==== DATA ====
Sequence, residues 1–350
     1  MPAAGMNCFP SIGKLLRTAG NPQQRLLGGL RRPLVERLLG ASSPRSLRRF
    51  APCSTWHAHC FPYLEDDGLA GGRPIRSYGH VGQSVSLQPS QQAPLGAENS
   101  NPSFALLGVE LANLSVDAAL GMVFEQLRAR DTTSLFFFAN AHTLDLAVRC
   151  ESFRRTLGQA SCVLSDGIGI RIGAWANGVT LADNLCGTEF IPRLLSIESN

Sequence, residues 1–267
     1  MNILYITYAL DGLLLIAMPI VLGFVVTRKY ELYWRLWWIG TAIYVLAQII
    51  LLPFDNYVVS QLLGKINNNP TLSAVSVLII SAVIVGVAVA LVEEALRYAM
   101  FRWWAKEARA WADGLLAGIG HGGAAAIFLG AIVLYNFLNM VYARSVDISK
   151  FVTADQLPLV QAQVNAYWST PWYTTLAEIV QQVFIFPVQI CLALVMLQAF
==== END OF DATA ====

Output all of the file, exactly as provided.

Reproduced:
Sequence, residues 1–350
     1  MPAAGMNCFP SIGKLLRTAG NPQQRLLGGL RRPLVERLLG ASSPRSLRRF
    51  APCSTWHAHC FPYLEDDGLA GGRPIRSYGH VGQSVSLQPS QQAPLGAENS
   101  NPSFALLGVE LANLSVDAAL GMVFEQLRAR DTTSLFFFAN AHTLDLAVRC
   151  ESFRRTLGQA SCVLSDGIGI RIGAWANGVT LADNLCGTEF IPRLLSIESN

Sequence, residues 1–267
     1  MNILYITYAL DGLLLIAMPI VLGFVVTRKY ELYWRLWWIG TAIYVLAQII
    51  LLPFDNYVVS QLLGKINNNP TLSAVSVLII SAVIVGVAVA LVEEALRYAM
   101  FRWWAKEARA WADGLLAGIG HGGAAAIFLG AIVLYNFLNM VYARSVDISK
   151  FVTADQLPLV QAQVNAYWST PWYTTLAEIV QQVFIFPVQI CLALVMLQAF